Distinctions for Peacebuilding [notes]

These are my raw notes from a talk by Dr. Fred Pearson of Wayne State University which you can listen to here:
https://youtu.be/s2yetqpD4mk?t=10m17sThe core distinctions he makes–between Peace Making, Peace Keeping, and Peace Building are essential to the strategies I’m using in my work with Children of Confidence and a few other community oriented initiatives. Hopefully they’re helpful for you too.

1. Peace Making (intervene with violence/stopping violence)
Legitimizing-validating the identity/existence & claims of a group
Cease fire
2. Peace Keeping (How to maintain stability)
Troop occupation
1) Old form
neutral moderator (neutral peacekeeping forces)
Keep parties apart
2) Robust
Force peace
Requires larger force
W African (Sudan/Darfur)
challenge: requires question of sovereignty3. Peace Building (advancing peace)
Stopping violence on longterm basis
Stopping Institutional/structural violenceDisarmament (e.g. the IRA) -ideally mutual
Reconciliation & reintegration (of refugees)1) Tolerance & ignore each other
2) Resuming relations & trying to build toward the future
3) Econ dev & sustainability
e.g. blaming in the state of Michigan–immigrants get blamed, etc.
in Europe, Greece, France, etc. similar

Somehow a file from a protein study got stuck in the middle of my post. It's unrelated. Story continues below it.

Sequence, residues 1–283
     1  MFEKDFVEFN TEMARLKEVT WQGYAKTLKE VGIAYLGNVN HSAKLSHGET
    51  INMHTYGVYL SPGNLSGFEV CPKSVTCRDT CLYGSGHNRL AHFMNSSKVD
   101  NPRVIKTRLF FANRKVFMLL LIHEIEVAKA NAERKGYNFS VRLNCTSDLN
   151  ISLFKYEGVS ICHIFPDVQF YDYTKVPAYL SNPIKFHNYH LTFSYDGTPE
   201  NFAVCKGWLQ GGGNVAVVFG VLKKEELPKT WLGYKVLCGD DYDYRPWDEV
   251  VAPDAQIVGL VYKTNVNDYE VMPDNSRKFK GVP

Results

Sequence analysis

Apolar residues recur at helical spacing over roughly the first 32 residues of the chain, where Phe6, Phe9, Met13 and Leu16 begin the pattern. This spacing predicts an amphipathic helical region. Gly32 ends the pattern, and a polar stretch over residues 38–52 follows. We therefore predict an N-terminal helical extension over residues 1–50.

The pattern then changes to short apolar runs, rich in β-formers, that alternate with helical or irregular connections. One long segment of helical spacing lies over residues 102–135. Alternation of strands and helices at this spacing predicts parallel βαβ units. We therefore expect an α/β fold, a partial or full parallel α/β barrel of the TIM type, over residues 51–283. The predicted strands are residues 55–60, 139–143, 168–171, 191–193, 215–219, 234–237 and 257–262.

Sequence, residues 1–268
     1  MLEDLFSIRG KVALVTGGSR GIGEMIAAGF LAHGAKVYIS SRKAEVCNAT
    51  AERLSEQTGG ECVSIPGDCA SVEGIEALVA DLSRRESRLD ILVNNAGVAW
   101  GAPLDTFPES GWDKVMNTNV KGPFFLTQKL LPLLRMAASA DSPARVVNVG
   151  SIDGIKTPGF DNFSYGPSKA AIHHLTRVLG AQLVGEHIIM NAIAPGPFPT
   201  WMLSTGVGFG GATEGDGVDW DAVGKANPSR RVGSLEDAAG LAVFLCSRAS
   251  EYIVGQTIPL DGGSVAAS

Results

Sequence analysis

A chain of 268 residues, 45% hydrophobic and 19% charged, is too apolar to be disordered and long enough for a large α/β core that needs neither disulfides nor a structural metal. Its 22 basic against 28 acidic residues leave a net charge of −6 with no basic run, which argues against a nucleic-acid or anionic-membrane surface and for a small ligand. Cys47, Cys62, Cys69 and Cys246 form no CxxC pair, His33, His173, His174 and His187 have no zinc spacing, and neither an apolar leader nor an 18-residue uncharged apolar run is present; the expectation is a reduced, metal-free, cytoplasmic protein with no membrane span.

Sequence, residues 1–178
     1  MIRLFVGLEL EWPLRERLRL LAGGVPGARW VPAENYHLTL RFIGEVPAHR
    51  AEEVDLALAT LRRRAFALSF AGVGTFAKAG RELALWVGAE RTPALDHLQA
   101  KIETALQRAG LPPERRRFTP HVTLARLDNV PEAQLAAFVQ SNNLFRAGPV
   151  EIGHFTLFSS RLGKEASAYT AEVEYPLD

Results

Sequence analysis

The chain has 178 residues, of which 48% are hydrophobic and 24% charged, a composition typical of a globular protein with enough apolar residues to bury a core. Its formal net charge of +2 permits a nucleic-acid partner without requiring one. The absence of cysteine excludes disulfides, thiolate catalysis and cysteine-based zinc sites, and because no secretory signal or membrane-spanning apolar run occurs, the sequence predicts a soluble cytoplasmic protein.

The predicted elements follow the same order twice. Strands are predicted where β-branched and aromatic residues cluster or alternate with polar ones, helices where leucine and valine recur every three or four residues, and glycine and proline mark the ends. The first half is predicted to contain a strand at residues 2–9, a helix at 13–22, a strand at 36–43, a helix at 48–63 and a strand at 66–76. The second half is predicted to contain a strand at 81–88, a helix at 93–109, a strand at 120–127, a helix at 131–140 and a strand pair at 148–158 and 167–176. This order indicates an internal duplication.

4) Security gaurantees: how to guarantee people will feel safe at night?

5) Good governance & reliable rule of law.
e.g. Government is nonexistent in Somalia.

Hard Power, Soft Power (no shout out to Joseph Nye!)
U.S.: leading figure in Hard Power
U.S. -> Kuwait campaign exemplary demonstration of hard power.
U.S. spends most to invest in Hard Power

Soft Power
Political emphasis
Vietnam is model example–“how do you win the hearts and the minds of the people”
U.S. introduced several generals to oversee governance of regions. Lacked local ownership.

“How do you win a peasant war on the side of the landlords?” The U.S. siding with perspectives similar to the French.

Gen. McChrystal: has forces on call to bring benefits to local people in addition to medical care & protection from Taliban.

Question: should Military be the one to provide if it’s not particularly designed for/adept at this kind of aid work?

Nationbuilding happened in Vietnam–e.g. village reconstruction (Sam Desanto did this kind of work when serving in Vietnam)

Public opinion poll conducted when entering the country of Iraq:
#1 choice: we don’t need a model, we can do our own
Why: why should a 6000 year old civilization/birthplace of civilization follow what a 300 year old nation tells it?
#2 choice: United Arab Emerites

Why UAE?
1) suggests a more indigenous
3) rich
Keys to conflict: listening, sometimes to people who you don’t like, or you feel threatened by

How wars have changed:
1) U.S. Civil War = serial battles with tangible and successes/failures measured almost solely by body count* [notetaker’s distinction: military victory differs from the diplomatic outcome; read: https://weeklysift.com/2014/08/11/not-a-tea-party-a-confederate-party/ %5D

2) Modern wars [Complex system conflicts]

The aim of the war effort is to mobilize people.



Baltimore, MD Performers line up for a group photo from a global heritage festival in 2015.


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